That Soviet self propelled gun in the background is about to be hit.

And right after that, one of those dreadful seconds of armor combat: a Soviet assault gun turns left towards the Marder III!
The fireball engulfs the entire crew. It's a catastrophic kill.
The flak vehicle moves into position with the hopes that a few flank shots on the enemy assault gun will stop the enemy armor tide.
The Soviet assault gun retreats, but barely harassed by the flak gun's fire. A couple of enemy rounds later, my forces have no vehicles left.
The only fight left on my side is from the infantry. I have a few men in the farm, panzerfausts on the ready.

Achtung, panzer!

There goes the first round. Note the soldier getting a second panzerfaust ready.
Both rounds result in partial penetration. The enemy assault gun turns ...

... And fires back with no mercy.

Encouraged by its effect on my infantry, the enemy assault gun moves through the farm. That shed on the right holds a surprise for the unsuspecting Soviets.

Not the broadest side of this barn, and is about to be hit nonetheless.
The panzerfaust round successfully penetrates and the Soviet crew bails out. An unexpected side effect of the blast is the barn/shed collapsing and exposing the German infantry. They surrendered a few minutes later under the heavy fire of enemy armor.

The enemy now sits at the edge of the farm. The Soviets brought up some infantry, which was engaged by our HMGs positioned across the road.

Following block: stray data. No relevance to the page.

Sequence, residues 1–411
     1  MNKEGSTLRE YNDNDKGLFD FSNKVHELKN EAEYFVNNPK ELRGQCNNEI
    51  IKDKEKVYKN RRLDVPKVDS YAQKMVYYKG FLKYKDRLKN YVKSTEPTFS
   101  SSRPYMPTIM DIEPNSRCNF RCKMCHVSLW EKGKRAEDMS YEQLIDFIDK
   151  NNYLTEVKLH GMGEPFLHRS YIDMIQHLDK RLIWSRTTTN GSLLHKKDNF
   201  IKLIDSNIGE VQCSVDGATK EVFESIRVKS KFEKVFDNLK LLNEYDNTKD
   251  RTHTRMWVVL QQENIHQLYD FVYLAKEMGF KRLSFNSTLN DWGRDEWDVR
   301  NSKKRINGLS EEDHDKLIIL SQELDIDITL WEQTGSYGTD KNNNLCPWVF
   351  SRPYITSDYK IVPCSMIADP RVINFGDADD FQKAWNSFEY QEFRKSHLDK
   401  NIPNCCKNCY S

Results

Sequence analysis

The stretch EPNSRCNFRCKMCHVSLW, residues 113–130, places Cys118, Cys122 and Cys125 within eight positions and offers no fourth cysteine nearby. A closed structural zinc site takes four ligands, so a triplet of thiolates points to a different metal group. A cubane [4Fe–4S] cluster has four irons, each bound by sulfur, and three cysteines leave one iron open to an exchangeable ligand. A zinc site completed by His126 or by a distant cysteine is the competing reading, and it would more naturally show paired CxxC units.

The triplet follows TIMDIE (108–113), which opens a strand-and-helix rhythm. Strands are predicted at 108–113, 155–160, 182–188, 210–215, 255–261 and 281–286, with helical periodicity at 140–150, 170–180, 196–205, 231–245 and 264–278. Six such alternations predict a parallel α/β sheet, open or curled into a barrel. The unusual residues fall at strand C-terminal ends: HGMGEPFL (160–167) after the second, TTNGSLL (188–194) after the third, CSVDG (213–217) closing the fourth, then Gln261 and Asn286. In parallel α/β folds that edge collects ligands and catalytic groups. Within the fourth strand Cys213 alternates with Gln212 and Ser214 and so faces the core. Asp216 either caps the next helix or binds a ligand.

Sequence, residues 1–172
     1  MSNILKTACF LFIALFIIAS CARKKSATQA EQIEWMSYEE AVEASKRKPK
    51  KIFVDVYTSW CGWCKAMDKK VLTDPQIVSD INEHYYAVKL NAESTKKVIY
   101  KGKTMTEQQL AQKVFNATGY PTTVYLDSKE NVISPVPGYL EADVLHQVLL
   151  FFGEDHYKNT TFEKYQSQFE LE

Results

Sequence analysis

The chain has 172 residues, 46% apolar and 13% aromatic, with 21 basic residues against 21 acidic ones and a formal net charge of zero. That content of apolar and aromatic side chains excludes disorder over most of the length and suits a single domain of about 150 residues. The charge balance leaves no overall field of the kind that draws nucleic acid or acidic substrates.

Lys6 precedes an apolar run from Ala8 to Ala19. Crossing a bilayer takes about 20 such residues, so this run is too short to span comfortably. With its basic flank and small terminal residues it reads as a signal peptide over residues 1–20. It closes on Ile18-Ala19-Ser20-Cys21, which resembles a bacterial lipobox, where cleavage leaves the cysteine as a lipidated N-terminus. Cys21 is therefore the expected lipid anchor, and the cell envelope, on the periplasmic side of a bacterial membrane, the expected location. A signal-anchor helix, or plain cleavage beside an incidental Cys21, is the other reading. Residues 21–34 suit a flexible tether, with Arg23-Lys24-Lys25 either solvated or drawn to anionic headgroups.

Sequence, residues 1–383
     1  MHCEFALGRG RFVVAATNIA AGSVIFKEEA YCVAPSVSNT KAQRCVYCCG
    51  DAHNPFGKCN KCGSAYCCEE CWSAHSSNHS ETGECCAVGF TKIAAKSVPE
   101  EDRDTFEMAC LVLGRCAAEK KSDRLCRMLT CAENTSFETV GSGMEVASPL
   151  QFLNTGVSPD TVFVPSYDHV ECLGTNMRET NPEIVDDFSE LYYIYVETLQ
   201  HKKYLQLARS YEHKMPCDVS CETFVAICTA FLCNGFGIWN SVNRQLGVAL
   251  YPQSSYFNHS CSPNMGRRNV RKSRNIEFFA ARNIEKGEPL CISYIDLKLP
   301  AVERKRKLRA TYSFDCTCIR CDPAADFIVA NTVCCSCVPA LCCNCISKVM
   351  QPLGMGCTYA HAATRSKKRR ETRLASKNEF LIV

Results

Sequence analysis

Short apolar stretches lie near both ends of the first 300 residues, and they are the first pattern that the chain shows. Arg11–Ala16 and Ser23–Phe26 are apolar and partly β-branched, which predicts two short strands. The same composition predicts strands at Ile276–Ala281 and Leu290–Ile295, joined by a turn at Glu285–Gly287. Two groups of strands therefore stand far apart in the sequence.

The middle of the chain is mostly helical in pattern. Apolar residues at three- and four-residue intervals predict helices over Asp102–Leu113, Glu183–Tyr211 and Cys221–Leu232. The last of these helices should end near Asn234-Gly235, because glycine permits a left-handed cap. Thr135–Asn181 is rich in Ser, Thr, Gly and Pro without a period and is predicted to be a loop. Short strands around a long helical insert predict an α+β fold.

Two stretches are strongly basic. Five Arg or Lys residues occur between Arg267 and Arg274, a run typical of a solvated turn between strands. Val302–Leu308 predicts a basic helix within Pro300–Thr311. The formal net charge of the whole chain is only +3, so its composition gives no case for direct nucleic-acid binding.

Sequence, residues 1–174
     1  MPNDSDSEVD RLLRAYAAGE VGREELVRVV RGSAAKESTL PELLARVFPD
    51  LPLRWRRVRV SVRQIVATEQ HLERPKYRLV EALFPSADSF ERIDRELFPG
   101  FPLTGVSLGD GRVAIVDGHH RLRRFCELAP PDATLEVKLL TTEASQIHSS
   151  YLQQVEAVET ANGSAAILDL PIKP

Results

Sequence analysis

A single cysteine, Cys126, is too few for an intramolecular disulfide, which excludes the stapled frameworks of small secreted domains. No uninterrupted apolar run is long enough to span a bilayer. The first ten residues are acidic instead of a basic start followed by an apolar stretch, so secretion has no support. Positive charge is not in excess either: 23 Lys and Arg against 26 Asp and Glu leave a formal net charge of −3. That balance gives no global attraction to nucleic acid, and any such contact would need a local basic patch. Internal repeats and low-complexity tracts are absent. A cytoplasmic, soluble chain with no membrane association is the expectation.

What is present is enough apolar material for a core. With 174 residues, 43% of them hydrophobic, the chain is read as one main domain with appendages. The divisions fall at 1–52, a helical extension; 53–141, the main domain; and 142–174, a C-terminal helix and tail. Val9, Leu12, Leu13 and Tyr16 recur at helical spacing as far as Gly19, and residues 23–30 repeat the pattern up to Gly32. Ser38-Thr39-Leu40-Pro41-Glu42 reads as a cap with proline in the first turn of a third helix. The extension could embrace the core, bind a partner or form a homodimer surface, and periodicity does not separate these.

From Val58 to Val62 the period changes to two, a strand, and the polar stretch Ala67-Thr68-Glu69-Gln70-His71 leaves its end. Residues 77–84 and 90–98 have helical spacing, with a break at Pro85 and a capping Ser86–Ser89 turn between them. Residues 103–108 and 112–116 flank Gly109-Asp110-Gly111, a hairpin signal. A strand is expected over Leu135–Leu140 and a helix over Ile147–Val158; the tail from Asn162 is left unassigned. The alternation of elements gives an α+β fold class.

Our edge over the enemy offensive at the farm didn't last too long. Once self propelled guns showed up at the farm, the HMGs and their supporting infantry were history.

There were some very brave attempts to evict the enemy armor from the edge of the farm, but their fire was too strong.
Tank killing infantry teams. Fighting up to the last minute.

The end of battle screen. A poor score for such a brave fight.

The Marder III scored a lot of kills in this scenario. The arrow points to the hit from the Soviet assault gun that killed it.

This is the ISU 122 assault gun that killed our flak vehicle and the Marder III tank destroyer. At least it didn't end up the day with its threads rolling.
Cheers,

9 comments:

Colin Coulter said...

Wow. intense stuff there. I may have to dust off CM:BN again or splurge on this new add-on.

Would you buy this over the "Fortress Italy" add-on? I cant afford both :)

JC said...

Hi Colin,

Besides the obvious force composition/hardware differences, this one features more open spaces, more intense and long range armor battles. I wish I could have a review in time for ya, but time has been a bitch lately.

Cheers,

M.Dorosh said...